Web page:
Southwestern Historical Quarterly
Occasionally, however, errors creep into Seymour's memoirs. Black troops did
not fight at Myers's Farm during Spotsylvania on May 14, 1864 (p. 127); Charles
W. Field's division was not in Mill's Corps (p. 131); Lee did not send reinforce-
ments to Lynchburg on June 4, 1864 (p. 134); and Ramseur attacked the Feder-
al left, not the Federal front, on October 19, 1864 (p. 148). Moreover, Jones
introduces a few additional mistakes in his generally fine editorial elaborations.
Among them: Joseph W. Latimer led a battalion, not a battery, at Gettysburg (p.
74); John R. Cooke, not Philip Cook, fought at Second Bristoe Station (p. 88);
Jubal Early hit the Union left, not right, at Bethesda Church on May 30, 1864
(p. 132). In a few cases, too, Seymour's handwriting has apparently been mis-
read. "Starmardsville" should definitely be "Stanardsville" (p. 106), and "form-
ing" and "successfully" should presumably be "formerly" and "successively,"
respectively (pp. 113, 128).
Such minor points do not detract from the overall value of the captain's remi-
niscence. It is a significant source and a readable narrative. Jones deserves credit
for making it more widely available.
U.S. Army Military History Institute RICHARDJ. SOMMERS
Destroyer of the Iron Horse: General Joseph E. Johnston and Confederate Rail Transport,
1861-1865. By Jeffrey N. Lash (Kent, Ohio: Kent State University Press,
1991. Pp. viii+228. Preface, introduction, black-and-white photographs,
maps, illustrations, conclusion, notes, bibliography, index. $28.oo.)
In recent years some students of the Civil War, this reviewer among them,
have seriously questioned the traditional assumption that the South had better
generals than the North. The history of the war in the western theater particular-
ly has provided evidence that the alleged superiority of Confederate generals is
largely a myth. Among the high-ranking Rebel generals whose reputations have
suffered the most from this revisionism is the alleged master of Fabian tactics,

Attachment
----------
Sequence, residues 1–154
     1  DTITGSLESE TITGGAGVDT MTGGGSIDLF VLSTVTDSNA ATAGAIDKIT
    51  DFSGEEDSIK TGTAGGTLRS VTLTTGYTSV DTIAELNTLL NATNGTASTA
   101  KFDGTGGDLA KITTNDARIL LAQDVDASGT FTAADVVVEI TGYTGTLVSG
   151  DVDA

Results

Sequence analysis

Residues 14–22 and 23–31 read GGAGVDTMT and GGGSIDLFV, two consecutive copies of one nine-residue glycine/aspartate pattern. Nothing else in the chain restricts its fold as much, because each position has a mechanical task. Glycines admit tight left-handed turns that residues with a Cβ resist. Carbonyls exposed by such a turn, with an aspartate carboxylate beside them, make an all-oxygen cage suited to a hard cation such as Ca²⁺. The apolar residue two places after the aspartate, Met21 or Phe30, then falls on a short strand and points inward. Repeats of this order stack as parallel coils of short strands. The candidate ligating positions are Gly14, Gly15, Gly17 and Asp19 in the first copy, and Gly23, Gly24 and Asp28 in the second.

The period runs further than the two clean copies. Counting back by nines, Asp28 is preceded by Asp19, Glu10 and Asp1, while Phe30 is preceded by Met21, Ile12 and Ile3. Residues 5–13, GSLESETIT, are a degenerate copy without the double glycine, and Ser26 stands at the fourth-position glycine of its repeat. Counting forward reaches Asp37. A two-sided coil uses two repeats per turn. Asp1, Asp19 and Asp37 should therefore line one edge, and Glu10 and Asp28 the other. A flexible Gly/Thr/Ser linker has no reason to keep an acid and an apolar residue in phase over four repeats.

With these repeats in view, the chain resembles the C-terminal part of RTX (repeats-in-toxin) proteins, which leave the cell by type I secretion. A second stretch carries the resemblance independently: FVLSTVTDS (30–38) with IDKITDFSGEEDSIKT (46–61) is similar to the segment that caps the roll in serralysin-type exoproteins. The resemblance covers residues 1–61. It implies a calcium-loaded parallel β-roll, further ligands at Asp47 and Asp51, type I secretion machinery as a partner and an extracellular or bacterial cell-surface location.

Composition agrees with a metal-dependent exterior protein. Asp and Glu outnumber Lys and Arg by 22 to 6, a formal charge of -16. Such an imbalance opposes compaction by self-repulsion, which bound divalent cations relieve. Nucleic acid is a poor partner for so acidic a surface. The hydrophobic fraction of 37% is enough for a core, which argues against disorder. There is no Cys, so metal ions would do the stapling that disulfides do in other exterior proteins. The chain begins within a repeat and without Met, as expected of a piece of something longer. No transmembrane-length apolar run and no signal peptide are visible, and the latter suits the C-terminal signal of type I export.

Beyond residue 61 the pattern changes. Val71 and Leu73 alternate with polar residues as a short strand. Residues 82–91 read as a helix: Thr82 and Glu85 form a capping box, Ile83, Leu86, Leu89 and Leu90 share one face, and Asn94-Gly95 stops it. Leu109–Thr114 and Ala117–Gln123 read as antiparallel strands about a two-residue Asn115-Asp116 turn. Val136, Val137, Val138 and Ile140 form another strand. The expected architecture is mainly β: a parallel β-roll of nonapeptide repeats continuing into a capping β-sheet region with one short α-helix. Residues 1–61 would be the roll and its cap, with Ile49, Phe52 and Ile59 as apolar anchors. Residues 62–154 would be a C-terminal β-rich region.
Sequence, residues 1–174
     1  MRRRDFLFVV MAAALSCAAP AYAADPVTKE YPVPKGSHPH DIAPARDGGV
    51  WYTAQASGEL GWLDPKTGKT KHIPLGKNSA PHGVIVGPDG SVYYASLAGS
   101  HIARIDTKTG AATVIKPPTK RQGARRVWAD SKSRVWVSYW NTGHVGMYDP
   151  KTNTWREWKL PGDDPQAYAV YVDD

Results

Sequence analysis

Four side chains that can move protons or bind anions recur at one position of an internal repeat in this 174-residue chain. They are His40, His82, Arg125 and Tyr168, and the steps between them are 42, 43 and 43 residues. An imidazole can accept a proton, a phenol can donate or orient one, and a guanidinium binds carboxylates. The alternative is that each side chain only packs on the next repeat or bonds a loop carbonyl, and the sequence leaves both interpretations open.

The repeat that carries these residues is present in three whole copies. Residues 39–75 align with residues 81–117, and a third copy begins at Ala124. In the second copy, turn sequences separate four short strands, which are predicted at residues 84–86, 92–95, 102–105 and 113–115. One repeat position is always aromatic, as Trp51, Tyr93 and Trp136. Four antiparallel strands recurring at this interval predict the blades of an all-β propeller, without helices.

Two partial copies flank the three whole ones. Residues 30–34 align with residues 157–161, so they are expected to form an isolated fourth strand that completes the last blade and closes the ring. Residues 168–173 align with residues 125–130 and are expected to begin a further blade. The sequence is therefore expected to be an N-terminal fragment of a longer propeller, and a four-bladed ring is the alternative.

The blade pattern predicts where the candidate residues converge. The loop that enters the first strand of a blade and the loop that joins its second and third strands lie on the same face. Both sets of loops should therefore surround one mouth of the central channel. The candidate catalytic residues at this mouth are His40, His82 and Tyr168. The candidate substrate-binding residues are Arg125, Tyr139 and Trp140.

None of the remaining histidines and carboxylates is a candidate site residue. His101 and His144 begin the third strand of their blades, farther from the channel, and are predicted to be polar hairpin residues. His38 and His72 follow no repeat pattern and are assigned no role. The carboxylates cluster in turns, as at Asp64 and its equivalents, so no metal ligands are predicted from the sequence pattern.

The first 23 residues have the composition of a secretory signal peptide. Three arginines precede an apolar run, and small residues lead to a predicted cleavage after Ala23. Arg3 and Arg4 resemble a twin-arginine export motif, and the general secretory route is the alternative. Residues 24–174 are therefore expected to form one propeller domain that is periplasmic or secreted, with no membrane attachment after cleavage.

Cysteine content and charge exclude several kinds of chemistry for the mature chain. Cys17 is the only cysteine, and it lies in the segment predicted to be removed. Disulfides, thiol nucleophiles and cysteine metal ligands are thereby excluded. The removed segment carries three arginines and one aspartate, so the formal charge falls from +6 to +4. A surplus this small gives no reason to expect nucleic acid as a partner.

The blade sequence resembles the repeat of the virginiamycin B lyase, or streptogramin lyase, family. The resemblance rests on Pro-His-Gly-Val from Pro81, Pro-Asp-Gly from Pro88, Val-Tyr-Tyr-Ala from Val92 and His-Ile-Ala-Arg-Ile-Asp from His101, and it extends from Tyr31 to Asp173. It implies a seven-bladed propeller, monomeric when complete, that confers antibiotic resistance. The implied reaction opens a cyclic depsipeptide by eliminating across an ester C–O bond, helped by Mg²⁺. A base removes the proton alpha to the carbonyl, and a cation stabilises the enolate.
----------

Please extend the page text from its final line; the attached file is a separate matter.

Joseph Eggleston Johnston, a Virginia native who saw service in both the eastern
and western theaters of the conflict.
Now Jeffrey N. Lash, in a book intriguingly and with considerable justification
entitled Destroyer of the Iron Horse, has leveled another blow at Johnston's totter-
ing reputation; contributed to a fuller understanding of Jefferson Davis's enmity
toward Johnston, an enmity that increasingly appears to have been based on sol-
id reasons rather than the whims of personal animosity and jealousy; and clearly
demonstrated that Johnston more than once "irretrievably harmed the Confed-
erate transportation system" (p. 186). After examining Johnston's use of the
Confederate railroads, Lash concludes that Johnston's alleged "ability as a strate-
gist and logistician" has been exaggerated (p. 182).
Developing Johnston's pre-Civil War career as a necessary background for his
analysis, Lash contends that while the wiry fifty-four-year-old was still "a man of
impressive military bearing" (p. 4), he had probably passed his prime, and was
less capable than his training, experience, and appearance suggested. Lash says
Texas State Historical Association. The Southwestern Historical Quarterly, Volume 96, July 1992 - April, 1993. Austin, Texas. The Portal to Texas History. http://texashistory.unt.edu/ark:/67531/metapth101215/. Accessed August 20, 2014.